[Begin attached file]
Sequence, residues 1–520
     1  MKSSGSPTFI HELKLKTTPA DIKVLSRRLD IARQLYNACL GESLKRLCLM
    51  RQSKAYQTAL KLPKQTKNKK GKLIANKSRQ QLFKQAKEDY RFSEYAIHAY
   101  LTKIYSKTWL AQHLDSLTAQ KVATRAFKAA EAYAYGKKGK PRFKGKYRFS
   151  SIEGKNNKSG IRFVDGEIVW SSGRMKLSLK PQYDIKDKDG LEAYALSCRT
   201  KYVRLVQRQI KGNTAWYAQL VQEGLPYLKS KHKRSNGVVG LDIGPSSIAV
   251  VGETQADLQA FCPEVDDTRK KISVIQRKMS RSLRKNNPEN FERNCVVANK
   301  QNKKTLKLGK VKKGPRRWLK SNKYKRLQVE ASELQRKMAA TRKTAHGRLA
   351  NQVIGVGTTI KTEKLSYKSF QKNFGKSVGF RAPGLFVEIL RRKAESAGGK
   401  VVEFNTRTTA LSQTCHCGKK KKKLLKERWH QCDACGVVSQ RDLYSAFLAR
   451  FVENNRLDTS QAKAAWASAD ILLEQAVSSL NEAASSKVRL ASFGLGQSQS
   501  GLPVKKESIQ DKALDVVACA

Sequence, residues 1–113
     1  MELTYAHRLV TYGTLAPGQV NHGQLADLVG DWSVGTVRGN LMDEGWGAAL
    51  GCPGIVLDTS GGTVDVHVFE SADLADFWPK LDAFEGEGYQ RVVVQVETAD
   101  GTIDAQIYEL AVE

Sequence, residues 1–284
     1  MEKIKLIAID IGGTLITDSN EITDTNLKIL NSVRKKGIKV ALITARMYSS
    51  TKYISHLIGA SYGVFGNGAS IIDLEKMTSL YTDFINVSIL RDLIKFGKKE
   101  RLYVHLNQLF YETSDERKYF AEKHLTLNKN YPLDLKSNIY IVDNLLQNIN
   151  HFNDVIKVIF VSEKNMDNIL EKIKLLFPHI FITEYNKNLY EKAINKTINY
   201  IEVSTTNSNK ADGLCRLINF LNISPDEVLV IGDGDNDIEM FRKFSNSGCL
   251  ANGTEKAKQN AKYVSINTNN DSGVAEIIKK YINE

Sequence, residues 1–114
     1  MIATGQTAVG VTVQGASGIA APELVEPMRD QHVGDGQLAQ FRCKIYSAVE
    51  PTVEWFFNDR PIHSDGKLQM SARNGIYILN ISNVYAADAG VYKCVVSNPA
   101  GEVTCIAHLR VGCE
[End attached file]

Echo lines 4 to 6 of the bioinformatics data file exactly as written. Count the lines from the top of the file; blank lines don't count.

   101  LTKIYSKTWL AQHLDSLTAQ KVATRAFKAA EAYAYGKKGK PRFKGKYRFS
   151  SIEGKNNKSG IRFVDGEIVW SSGRMKLSLK PQYDIKDKDG LEAYALSCRT
   201  KYVRLVQRQI KGNTAWYAQL VQEGLPYLKS KHKRSNGVVG LDIGPSSIAV